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The formation of unisexual flowers in maize requires the selective elimination and sexual maturation of floral organs in an initially bisexual floral meristem. Elimination of pistil primordia occurs in the primary and secondary florets of the tassel spikelets, and in the secondary florets of ear spikelets. Ill-fated pistil cells undergo a cell death process associated with nuclear degeneration in a specific spatial-temporal pattern that begins in the subepidermis, eventually aborting the entire organ. The sex determination genes tasselseed1 and tasselseed2 are required for death of pistil cells. tasselseed1 is required for the accumulation of TASSELSEED2 mRNA in pistil cells. All pistil primordia express TASSELSEED2 RNA but functional pistils found in ear spikelets are protected from cell death by the action of the silkless1 gene. silkless1 blocks tasselseed-induced cell death in the pistil primordia of primary ear florets. A model is proposed for the control of pistil fate by the action of the ts1-ts2-sk1 pathway.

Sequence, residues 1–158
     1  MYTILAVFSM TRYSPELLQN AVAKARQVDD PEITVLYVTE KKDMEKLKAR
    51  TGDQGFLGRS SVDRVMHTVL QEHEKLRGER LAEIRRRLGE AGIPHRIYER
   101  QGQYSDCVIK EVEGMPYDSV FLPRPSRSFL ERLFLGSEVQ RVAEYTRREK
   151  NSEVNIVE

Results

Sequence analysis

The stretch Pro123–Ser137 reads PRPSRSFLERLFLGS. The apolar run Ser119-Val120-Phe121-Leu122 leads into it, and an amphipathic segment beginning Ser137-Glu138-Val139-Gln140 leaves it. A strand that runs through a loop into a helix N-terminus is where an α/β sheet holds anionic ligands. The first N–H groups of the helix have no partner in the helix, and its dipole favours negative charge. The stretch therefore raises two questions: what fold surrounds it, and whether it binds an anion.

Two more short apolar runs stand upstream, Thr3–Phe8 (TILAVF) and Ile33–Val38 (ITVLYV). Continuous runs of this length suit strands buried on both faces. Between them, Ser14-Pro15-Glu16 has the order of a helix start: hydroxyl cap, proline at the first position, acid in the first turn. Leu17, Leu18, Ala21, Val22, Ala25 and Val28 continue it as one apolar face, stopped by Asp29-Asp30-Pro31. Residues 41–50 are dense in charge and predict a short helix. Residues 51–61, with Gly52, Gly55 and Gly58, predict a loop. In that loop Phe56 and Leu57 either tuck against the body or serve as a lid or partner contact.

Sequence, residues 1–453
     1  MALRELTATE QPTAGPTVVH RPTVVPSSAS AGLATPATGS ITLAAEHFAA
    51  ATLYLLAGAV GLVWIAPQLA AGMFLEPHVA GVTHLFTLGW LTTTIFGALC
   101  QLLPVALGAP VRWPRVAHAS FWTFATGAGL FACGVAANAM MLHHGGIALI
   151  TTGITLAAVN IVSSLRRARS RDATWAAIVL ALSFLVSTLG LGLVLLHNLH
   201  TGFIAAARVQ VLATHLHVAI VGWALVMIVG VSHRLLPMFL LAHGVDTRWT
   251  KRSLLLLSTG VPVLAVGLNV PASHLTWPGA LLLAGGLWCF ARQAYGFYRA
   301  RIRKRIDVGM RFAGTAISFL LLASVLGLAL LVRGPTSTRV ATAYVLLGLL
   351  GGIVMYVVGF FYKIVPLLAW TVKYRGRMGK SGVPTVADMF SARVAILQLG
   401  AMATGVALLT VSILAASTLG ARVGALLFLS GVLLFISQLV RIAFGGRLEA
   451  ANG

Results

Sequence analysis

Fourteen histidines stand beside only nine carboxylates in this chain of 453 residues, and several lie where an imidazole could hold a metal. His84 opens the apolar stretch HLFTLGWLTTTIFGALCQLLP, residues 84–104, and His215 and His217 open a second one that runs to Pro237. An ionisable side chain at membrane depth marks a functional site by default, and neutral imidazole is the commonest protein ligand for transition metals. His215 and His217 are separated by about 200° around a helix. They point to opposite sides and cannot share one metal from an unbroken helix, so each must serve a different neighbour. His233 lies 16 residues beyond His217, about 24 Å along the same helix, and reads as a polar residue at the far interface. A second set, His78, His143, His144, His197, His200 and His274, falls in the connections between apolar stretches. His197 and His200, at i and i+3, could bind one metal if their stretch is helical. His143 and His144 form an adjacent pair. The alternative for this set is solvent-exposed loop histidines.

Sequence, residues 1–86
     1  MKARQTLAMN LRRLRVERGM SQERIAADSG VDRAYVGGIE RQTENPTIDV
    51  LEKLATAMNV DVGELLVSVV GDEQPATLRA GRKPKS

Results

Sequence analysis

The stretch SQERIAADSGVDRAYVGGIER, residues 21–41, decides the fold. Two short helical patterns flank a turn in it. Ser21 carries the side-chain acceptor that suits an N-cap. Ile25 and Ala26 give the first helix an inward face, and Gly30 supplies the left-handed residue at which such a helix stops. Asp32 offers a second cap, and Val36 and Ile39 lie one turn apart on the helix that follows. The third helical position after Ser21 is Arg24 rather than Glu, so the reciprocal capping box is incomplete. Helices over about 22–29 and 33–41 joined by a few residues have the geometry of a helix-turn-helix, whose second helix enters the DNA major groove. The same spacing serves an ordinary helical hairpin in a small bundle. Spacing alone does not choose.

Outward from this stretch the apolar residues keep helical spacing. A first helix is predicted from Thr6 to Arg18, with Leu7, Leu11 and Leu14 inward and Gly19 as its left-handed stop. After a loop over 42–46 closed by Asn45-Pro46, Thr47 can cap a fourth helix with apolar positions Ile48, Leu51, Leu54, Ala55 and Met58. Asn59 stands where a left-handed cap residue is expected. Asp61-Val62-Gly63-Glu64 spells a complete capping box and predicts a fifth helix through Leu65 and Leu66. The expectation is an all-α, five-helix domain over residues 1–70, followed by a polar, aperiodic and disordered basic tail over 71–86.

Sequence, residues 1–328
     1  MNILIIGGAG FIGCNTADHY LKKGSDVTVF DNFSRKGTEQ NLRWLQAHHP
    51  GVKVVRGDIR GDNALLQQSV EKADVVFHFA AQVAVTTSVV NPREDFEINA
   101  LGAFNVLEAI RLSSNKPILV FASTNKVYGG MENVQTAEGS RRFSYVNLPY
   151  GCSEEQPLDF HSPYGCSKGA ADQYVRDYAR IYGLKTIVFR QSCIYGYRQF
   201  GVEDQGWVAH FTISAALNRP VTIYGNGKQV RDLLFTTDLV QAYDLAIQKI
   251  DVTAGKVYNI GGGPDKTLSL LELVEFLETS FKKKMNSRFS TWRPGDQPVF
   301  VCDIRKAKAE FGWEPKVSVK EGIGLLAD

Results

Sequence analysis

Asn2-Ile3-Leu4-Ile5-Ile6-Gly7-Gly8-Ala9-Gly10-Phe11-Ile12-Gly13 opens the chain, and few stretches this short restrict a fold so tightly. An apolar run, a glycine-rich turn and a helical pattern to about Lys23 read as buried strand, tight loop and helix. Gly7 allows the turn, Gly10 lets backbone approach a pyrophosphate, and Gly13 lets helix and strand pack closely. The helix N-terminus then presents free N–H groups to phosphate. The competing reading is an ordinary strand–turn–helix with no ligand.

Citation

A Calderon-Urrea, S L Dellaporta. Cell death and cell protection genes determine the fate of pistils in maize. Development (Cambridge, England). 1999 Feb;126(3):435-41

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PMID: 9876173

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